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Preserving Balanchine

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The Balanchine Foundation has undertaken to record many of Balanchine's works, including coaching sessions. Sunday night, some of this project was demonstrated at a lecture/demo as part of the Guggenheim Museum's Works & Process series. This presentation, moderated by Nancy Reynolds and featuring Maria Tallchief and Frederic Franklin, showed portions of long-dormant Balanchine ballets that the older dancers are teaching to a new generation, videos made of the coaching sessions and of the ballets and made available through the Balanchine Foundation, of which Ms.Reynolds is Research Director


Le Baiser de la Fee (1937), with Jenifer Ringer, Nikolaj Hubbe

Mozartiana (1933/45) with Miranda Weese , Nikolaj Hubbe

Piano: Nancy McDill

Interestingly, these ballets share anecdotal features. Both are to scores that Balanchine completely rechoreographed (all or in part) later, and both scores are treatments by composers of works by earlier composers.

Ms. Reynolds described the Balanchine Foundation's preservation program and introduced Maria Tallchief, who spoke briefly of her experience as a young ballerina dancing with Nijinkska, meeting Balanchine, working together on Baiser, his first ballet on her and one that helped propel her budding career. She spoke of the dramatic qualities of the role -- that the fairy, initially presented in Gypsy garb, is a strong character -- not soft and fluffy -- who controls the Boy's fate. The music of the first pdd is familiar to us as the male variation in the '72 Divert from Baiser. Interestingly, the pas opens with the Fairy bending over the sleeping boy, and as the music plays the opening, mysterious strains, the she makes circular motions with her hand that, in the later version, are almost repeated by the man in repeat of that theme late in his variation.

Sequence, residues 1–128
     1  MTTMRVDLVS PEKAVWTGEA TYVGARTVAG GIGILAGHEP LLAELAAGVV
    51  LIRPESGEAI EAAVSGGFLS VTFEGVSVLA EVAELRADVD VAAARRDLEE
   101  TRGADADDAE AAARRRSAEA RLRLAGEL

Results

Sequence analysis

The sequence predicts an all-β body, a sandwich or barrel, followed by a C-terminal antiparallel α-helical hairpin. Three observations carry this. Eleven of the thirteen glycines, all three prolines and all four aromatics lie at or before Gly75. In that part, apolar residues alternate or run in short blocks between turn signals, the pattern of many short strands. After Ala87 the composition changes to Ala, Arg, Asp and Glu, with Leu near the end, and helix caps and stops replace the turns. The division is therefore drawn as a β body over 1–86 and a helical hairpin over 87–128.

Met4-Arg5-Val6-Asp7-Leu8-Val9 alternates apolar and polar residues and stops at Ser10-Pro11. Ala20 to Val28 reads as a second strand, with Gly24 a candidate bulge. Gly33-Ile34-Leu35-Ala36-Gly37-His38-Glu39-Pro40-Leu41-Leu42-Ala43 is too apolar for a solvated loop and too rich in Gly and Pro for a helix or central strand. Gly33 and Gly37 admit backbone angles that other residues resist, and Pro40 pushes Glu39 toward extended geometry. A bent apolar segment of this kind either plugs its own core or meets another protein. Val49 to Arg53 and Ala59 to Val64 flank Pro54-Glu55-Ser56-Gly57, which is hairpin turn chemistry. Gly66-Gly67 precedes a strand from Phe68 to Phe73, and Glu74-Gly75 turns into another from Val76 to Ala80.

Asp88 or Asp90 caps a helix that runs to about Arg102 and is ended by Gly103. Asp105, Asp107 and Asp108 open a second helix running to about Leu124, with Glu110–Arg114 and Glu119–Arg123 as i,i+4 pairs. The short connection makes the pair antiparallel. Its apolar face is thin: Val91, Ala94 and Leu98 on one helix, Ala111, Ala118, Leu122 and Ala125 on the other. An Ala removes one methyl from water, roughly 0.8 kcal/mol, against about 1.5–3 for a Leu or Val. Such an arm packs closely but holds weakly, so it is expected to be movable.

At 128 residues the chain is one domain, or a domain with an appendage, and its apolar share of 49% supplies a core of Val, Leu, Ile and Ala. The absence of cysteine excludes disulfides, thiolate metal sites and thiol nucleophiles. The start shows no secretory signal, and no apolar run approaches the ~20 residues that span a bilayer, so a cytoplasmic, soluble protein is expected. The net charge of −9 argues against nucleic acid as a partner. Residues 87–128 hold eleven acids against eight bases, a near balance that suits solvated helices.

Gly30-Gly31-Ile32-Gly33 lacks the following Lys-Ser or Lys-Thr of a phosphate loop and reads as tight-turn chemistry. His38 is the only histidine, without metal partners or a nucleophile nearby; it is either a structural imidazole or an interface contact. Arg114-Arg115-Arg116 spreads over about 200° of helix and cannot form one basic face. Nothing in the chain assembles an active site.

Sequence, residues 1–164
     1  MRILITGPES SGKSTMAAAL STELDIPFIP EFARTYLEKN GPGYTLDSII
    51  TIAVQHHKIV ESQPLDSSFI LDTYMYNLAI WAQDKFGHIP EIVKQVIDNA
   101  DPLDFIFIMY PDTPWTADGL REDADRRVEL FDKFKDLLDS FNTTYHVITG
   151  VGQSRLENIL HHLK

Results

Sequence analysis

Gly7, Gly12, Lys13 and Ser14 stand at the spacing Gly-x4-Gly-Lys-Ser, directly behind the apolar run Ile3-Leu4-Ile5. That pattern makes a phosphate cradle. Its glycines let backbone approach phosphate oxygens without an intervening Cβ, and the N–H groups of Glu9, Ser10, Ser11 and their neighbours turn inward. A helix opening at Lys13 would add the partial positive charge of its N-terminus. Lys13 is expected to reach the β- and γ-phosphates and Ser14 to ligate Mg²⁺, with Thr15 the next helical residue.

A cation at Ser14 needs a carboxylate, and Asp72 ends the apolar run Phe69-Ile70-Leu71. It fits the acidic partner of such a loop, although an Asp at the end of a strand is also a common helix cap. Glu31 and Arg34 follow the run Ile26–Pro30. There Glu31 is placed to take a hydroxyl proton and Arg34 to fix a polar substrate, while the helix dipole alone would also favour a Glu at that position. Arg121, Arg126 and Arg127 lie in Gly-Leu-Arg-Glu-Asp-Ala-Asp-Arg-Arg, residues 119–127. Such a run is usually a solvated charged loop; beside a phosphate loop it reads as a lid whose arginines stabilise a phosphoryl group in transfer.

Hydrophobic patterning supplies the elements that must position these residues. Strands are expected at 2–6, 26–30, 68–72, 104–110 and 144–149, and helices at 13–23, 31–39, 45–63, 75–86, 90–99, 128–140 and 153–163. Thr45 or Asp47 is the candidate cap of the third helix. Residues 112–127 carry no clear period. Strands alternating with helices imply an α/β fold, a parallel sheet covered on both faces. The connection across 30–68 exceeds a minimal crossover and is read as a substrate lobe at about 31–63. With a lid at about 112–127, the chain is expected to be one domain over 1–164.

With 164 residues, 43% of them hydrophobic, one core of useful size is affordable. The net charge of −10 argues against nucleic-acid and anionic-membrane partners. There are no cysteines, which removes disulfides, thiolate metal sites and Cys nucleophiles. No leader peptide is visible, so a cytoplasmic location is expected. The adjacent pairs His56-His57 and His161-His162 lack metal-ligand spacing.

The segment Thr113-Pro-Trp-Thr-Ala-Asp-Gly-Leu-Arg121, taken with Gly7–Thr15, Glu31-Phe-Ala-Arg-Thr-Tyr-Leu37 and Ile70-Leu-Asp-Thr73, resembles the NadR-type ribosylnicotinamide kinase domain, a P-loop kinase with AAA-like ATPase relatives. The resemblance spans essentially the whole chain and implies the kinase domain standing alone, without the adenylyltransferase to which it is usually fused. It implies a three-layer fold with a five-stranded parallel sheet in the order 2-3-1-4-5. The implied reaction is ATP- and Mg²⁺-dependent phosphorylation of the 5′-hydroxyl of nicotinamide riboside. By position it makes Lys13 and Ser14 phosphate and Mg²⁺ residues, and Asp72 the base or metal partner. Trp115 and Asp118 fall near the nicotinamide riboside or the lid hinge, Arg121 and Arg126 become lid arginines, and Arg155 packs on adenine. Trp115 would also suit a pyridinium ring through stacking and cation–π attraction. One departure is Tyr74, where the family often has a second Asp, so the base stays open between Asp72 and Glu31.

Coaching Nikolaj and (mostly) Jenny, Tallchief stressed a fluid rotation of the shoulders and carriage of the arms, complemented by the use of the head and the personality of the character. I had two overall impressions of the choreography. While I can't say specifically what it was, there were moments in the pas that reminded me of Orpheus -- a much later ballet. And the pdd ends with the Fairy directing the Boy offstage with a severely pointing finger -- very different from the gentle pointing finger motif Balanchine devised for Tallchief in Scotch.

There followed some pirated footage of Tallchief dancing the pas. Due to the short lengths of film available in those years, it was not continuous, but a series of moments spliced together -- lots of in-between stuff missing. Still very exciting -- a much more passionate view of Tallchief than I'd have imagined from the footage I've seen.

Reynolds then introduced Frederic Franklin, who described his initial meeting with Danilova. While his recollections were affectionate, he left no doubt that she wanted her partner to meet her at her standards. She demanded excellence. He said that they had two pas de deux in the original Mozartiana, the first calm and serene, the second very fast and brilliant. The pas he coached for us used music from the Tema con Variazioni, and watching Weese and Hubbe perform it, I was so grateful that this ballet is being preserved. It was clearly designed to show off Danilova's famously gorgeous legs. (Ms. Weese's are a pretty good pair, too.) The legs do a lot of big, bold movments. The pas begins with a series of supported ballottees, each landing in the croisee arabesque, the back leg to the outside of the man. There is another series of lifts where the woman makes large ronds de jambe, one leg en dehors, the second leg en dedans -- legs sweeping the air above her partner's head. The choreography was magnificent, and you can't help but sit in more than the usual awe that Balanchine could make two completely different but exquisite ballets (or sections) from the same music. Mr. Franklin addressed the ballerina as "Mi-rrrrrrrraahn-da," with trilled r's -- a treat for the ear! :wink: